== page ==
So, I think the price range might make a huge difference in how fast they are moving....at least in my experience right now.


          • #6
            Really, it is ALL about price. Eventually if you keep lowering the price (not telling you that you should) the horse will sell. Horse may be just above the line for some people, which is why they are choosing another horse first. Last horse I sold (about 2 months ago) I can say was worth WAY more. But honestly, the horse is only worth what someone (or the market) is willing to pay. We get emotionally caught up in sales I think. I took a calculation on just exactly how much money I spent on this horse each month and multipled that by 12 to get a yearly estimate. I knew I didn't want to keep her another year, so looking at that shocking figure made lowering the price much easier. I'd rather sell quick and not deal with the monthly bills and the headache/heartache. Good luck in your decision.
            “Be yourself; everyone else is already taken.”
            ¯ Oscar Wilde


            • Original Poster

              Thanks so much for all the replies!


              • #8
                IMO you should have him at a trainers (whether the same or another I have no idea, up to you) from now (or DEC 1 if your wallet needs a break) until March 1 to hit the best marketing opportunities.

                Sounds like he may have needed a little work before he could show well last Feb and then most of your buyer pool went home. They will be back soon though. No sense pulling him now, give it a few more months in prime buying season down there.

                However, maybe a review of how hard trainer was really trying to sell him is in order. Price drop wouldn't hurt either. Be firmer that he HAS to go and you will not support him after March.

                I am a little confuzzled...you say he "showed 137 times" does that mean he was at a horse show competing or that he was presented to buyers????
                When opportunity knocks it's wearing overalls and looks like work.

                The horse world. Two people. Three opinions.


                • #9
                  Let me also mention, it would also be worth finding out what price said trainer is quoting to potential buyers. Depends on how well you know the trainer, but when I had a horse that wouldn't sell for ever and ever, it was because I thought the price was $x, and the price being quoted to buyers was $x plus $20k.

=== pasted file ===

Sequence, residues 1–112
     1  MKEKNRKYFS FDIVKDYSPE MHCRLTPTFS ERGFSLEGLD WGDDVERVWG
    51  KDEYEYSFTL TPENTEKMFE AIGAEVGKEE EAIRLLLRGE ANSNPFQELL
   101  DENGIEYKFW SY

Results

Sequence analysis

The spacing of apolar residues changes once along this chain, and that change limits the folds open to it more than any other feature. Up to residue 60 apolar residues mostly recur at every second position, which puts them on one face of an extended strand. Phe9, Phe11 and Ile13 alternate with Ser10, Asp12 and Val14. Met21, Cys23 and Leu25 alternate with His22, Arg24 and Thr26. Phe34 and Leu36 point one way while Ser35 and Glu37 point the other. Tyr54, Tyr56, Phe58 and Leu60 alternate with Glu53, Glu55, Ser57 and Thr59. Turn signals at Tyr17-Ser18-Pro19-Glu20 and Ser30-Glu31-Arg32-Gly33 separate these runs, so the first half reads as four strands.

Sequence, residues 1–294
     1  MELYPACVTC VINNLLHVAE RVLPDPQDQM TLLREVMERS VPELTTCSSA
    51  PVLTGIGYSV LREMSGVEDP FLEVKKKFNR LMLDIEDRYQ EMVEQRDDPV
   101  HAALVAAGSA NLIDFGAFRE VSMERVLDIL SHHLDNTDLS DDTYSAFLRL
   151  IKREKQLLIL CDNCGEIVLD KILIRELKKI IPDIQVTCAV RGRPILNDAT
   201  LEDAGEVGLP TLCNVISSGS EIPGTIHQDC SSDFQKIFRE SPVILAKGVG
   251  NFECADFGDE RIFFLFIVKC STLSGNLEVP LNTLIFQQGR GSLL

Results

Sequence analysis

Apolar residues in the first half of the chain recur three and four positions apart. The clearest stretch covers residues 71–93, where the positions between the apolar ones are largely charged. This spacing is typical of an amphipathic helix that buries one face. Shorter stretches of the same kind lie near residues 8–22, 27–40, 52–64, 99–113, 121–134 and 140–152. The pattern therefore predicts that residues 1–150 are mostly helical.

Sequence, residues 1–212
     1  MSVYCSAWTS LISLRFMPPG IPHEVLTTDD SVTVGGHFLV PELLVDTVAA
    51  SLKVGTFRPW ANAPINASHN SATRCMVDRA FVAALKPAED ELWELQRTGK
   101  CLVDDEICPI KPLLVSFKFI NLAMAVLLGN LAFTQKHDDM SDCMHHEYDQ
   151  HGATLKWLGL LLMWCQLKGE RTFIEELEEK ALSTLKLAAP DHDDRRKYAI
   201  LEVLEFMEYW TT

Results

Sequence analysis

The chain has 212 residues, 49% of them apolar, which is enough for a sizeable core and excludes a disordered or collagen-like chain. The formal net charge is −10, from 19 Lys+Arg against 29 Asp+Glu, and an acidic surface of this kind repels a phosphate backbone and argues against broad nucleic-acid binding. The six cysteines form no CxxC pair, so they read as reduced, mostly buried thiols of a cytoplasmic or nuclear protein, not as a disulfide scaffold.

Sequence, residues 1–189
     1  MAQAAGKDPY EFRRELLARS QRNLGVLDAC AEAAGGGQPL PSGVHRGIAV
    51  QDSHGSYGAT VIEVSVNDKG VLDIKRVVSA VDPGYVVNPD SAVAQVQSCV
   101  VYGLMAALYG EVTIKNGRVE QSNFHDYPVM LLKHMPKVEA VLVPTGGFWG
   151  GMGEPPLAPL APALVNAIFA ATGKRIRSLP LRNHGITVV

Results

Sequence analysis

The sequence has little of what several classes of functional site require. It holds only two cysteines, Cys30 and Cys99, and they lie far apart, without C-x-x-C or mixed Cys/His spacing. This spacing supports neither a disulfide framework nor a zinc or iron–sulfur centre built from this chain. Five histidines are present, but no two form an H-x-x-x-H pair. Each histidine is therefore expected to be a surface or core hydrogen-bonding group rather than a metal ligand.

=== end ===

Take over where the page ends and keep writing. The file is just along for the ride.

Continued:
Especially if it is one of those situations where the trainer wants to know "how much you need to get from the horse".

                  I hate to be suspicious, but it might pay to do a little reconnaissance, and have someone neutral find out what the trainer is asking for the horse. Just a thought....


                  • #10
                    Show Season 1: tried to sell him myself, all tire kickers
                    Show Season 2: sent him out on commission, got a few nibbles
                    Beginning of Show Season 3: got fed up, sent him to another place, was sold in two months
                    Life is what happens while you are busy making other plans


                    • #11
                      You say he's not the prettiest horse...

                      I have been in a situation where I had a horse for sale that was lovely in his own right, pretty dark bay young horse. However, when you stood him next to my other dark bay horse, the sale horse didn't hold a candle in comparison.

                      Finally I hid the prettier horse away when people came to look at the sale horse and the very next person who came to see him bought him.

                      Perhaps he needs to move to a sales barn where there aren't as many good looking horses?

                      Or perhaps they need to present him a little better so he shines more in a prospective buyer's eyes?
                      Stoneybrook Farm Afton TN